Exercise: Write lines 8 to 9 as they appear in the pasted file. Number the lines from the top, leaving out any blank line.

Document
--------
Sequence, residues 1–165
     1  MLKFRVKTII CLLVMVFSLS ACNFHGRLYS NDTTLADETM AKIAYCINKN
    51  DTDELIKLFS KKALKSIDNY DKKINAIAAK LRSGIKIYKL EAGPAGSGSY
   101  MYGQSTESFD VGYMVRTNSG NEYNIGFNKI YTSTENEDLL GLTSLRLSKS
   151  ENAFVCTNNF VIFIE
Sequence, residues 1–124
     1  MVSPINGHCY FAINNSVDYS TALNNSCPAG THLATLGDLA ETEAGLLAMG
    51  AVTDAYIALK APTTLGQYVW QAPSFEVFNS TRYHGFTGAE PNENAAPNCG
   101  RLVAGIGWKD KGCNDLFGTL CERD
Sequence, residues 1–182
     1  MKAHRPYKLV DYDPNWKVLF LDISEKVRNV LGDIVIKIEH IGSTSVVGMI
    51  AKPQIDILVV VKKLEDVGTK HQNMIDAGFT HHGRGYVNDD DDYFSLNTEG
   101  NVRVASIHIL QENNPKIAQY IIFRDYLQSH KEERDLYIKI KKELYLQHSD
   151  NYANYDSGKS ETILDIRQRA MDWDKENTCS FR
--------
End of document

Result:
    51  AVTDAYIALK APTTLGQYVW QAPSFEVFNS TRYHGFTGAE PNENAAPNCG
   101  RLVAGIGWKD KGCNDLFGTL CERD